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Day 2: The Heart of the Matter

What is the Circulatory System and What Does It Do?

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The circulatory system is like a circular network of roads on which traffic travels in only one direction. Every part of the body is connected through the network of blood vessels making up the circulatory system. The blood flowing in these vessels is composed of blood cells floating in a fluid called plasma.

Red blood cells possess a chemical called hemoglobin, which is responsible for carrying oxygen from the lungs to the individual cells of the body. Why do cells need oxygen? In return, the hemoglobin trades its oxygen for carbon dioxide, a waste product of the cell, and carries it back on its circular route to the lungs to be expelled.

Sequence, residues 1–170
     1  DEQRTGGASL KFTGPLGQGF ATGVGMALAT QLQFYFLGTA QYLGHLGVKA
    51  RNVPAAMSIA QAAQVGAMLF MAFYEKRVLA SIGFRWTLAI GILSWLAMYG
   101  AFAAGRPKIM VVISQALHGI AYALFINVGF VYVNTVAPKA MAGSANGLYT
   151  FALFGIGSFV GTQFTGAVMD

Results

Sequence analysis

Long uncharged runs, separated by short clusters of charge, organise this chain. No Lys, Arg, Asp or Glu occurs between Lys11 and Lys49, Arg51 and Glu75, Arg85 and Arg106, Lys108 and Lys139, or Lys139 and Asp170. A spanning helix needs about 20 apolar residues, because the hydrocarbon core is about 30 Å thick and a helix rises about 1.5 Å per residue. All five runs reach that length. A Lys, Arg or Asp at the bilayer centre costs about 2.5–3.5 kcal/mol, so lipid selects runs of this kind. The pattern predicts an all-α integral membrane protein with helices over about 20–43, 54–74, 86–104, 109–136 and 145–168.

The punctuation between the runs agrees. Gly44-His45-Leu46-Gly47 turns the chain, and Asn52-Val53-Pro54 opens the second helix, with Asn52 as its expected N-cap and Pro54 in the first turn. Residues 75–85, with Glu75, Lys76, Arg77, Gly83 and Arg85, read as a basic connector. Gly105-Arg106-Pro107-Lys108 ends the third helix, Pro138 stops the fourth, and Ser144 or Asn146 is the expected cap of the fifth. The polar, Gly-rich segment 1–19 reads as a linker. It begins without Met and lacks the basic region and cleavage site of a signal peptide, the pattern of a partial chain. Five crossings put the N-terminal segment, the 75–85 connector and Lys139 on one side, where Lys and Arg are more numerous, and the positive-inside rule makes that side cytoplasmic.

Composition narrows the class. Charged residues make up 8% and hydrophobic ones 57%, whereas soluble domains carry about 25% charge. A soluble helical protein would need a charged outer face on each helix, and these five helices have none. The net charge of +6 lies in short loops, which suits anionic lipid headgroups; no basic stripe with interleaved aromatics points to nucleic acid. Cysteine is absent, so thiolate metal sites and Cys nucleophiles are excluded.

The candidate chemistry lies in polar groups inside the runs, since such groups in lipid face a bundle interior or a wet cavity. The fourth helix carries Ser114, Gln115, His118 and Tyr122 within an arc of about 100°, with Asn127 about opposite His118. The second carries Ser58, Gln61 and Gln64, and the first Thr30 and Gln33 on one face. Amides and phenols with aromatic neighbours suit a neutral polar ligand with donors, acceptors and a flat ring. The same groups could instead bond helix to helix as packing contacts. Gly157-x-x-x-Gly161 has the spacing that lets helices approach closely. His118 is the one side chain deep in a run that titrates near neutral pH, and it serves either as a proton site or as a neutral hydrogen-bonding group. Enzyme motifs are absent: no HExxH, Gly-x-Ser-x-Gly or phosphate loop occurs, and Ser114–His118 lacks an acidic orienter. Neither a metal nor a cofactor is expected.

The fluid portion of the blood, the plasma, is responsible for carrying all other nutrients (water, electrolytes, food, etc.) to the cells and in return, removing wastes. The plasma also carries chemical messengers, such as hormones, from the cells that produce and store the chemical messenger to the cells that it affects.

The circulatory system also acts as a cooling and heating system to maintain body temperature. Also, the circulatory system helps to maintain a balance of electrolytes and water between the cells and their environment.

Text by Janet Sinn-Hanlon

- Page 9 of 16 -

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